Opinion | Is HB317 a return to the orgy of greed and corruption? 

February 6, 2018

By Bill Britt
Alabama Political Reporter

At least it seemed for a moment that the cancer eating away at Alabama’s state government was in remission.

The rise of Gov. Kay Ivey and Speaker Mac McCutcheon after the removal of Gov. Robert Bentley and Speaker Mike Hubbard appeared to herald a new day in state politics. But in the State House, bills are offered that would reintroduce the same type of mischief that poisoned the system when Hubbard and Bentley were in office.

As APR reported weeks ago, a prime example of the state’s return to the bad ol’ days is HB317, which, under the guise of economic development, would allow legislators or other public officials to use their influence to promote the awarding of economic development incentives, “by grant or contract or otherwise.” In other words, HB317 would change the definition of lobbyist and lobbying, opening the floodgates for public officials to use their office for personal gain under the auspices of economic development.

Under guise of economic development, legislation would open door for public officials to lobby government

Sponsored in the House by Rep. Ken Johnson, R-Moulton, HB317 is, in reality, the brainchild of Ivey’s Secretary of Commerce Greg Canfield, who it is believed borrowed at least some of the bill’s languages from attorney Greg Butrus, a prime mover behind changing the state’s current ethics laws. The legislation is being considered in the House Committee on Tourism and Economic Development, led by Rep. Allen Harper, R-Northport. Harper, a former Democrat, turned Republican after the 2010 Republican takeover and stood on a stage in Lee County with Hubbard after he was indicted on 23 counts of public corruption, wearing an “I like Mike” sticker on his lapel.

There is a promised amendment, which will supposedly clarify that the legislation doesn’t mean lawmakers and public officials can lobby under the new statute — but don’t believe it.

The greater concern is where are Gov. Ivey and Speaker McCutcheon? Do they not understand or care about the bills being championed by their people? Are they so fooled or out of touch as to not see the clever misdirection inherent in HB317?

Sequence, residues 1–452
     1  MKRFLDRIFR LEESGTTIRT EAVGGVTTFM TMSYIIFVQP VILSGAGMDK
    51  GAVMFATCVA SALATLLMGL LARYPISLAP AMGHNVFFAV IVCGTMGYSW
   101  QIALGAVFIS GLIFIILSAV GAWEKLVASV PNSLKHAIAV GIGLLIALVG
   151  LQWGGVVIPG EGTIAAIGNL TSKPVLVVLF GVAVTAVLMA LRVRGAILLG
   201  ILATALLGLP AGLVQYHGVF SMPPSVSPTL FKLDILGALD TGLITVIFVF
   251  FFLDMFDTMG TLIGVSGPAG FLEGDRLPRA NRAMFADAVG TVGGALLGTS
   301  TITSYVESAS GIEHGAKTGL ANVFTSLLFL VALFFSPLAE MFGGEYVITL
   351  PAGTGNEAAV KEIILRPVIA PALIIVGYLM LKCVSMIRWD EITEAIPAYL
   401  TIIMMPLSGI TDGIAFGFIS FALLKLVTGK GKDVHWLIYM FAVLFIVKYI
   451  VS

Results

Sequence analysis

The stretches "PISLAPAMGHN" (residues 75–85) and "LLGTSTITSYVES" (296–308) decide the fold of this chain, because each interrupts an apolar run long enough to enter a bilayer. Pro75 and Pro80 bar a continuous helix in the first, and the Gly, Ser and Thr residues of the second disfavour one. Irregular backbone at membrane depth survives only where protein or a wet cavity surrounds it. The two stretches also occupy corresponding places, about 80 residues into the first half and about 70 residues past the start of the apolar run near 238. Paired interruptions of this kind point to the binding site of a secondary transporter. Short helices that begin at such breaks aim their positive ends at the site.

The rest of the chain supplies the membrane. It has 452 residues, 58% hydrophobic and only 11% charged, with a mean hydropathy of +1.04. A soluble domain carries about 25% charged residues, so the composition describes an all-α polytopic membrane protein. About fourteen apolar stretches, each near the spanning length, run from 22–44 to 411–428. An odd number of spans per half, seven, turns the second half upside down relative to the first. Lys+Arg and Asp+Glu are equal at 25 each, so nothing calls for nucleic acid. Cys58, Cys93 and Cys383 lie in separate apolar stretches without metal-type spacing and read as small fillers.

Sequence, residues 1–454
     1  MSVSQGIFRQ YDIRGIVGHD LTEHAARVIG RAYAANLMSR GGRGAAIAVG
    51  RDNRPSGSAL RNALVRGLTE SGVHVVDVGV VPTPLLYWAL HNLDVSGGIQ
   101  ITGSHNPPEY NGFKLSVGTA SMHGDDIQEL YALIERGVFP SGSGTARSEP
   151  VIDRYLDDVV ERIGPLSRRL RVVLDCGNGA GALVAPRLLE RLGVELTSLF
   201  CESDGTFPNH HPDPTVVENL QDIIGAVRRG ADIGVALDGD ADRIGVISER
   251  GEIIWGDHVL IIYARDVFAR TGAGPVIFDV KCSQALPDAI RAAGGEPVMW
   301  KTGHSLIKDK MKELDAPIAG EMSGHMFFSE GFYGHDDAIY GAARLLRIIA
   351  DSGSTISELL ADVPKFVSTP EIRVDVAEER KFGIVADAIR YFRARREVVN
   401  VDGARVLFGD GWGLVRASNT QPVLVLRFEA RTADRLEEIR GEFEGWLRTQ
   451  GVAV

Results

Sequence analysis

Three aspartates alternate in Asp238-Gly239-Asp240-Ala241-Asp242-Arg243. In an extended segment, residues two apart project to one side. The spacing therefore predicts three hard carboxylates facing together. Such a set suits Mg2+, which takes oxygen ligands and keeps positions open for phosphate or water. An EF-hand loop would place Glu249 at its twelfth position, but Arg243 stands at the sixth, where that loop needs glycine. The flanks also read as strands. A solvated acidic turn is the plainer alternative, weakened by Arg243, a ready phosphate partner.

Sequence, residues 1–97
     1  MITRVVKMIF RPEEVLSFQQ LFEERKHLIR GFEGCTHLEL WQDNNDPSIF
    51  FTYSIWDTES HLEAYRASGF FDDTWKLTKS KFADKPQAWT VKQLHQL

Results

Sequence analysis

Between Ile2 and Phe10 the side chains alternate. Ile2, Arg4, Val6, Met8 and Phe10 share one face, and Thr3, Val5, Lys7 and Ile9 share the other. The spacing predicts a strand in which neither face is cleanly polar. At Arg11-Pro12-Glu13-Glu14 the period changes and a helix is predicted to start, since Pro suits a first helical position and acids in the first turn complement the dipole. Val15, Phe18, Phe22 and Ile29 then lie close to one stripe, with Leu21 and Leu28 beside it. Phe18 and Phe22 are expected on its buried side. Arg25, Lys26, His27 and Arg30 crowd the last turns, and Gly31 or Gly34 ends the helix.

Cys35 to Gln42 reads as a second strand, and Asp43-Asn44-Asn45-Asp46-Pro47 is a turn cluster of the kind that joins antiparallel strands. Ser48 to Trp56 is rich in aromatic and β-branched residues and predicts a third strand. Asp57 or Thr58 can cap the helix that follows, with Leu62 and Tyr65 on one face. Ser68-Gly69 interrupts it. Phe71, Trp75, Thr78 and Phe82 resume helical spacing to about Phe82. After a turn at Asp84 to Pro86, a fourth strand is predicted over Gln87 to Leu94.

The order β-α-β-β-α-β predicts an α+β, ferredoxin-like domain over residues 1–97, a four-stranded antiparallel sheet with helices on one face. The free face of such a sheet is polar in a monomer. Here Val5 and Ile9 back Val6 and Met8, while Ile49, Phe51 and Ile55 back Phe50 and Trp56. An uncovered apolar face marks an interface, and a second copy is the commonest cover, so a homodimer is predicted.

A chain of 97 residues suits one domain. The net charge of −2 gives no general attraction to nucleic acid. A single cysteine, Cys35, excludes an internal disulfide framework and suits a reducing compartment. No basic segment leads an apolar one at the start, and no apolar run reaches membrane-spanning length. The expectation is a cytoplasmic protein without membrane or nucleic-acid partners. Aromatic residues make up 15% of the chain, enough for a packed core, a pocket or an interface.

Hubbard was convicted on two felony counts of using his office to lobby the executive branch on behalf of a company owned by Bobby Abrams, a New York businessman who paid Hubbard $10,000 a month for economic development. And who did Hubbard lobby? Secretary Canfield.

At Canfield’s urging, ADIT awarded Abrams’ company with around 20 million dollars in workforce training. From Hubbard to Canfield to ADIT, millions were handed out to Abrams’ company under the guise of economic development. HB317 will legalize the same actions Hubbard took to serve his paying client while acting as Speaker of the House.

Recently, APR reached out to Ivey and McCutcheon’s offices with no substantial response to date.

Why does the state once again find itself courting more scandals?

Just two weeks ago, Canfield was called in front of a Montgomery grand jury to answer questions about another economic development deal that may land more Republicans in front of a judge and jury.

How long before this latest scandal lands on Gov. Ivey’s doorstep or that of the Speaker?

And where is the State’s Attorney General Steve Marshall? Is he hiding behind his fat donors?

The taint of Hubbard still reeks in the people’s house, where the cancer he spread has returned. And over at the Capitol, the vestiges of Bentley’s failed governorship are left in place to its new occupant’s detriment.

Both Ivey and McCutcheon have proven to be strong and ethical leaders, it is now time that they take action to assure the public that the orgy of greed and corruption indulged under Hubbard is banished before it, once again, leads to a public pox on the body politic.

 

Opinion | Is HB317 a return to the orgy of greed and corruption? 

by Bill Britt Read Time: 3 min
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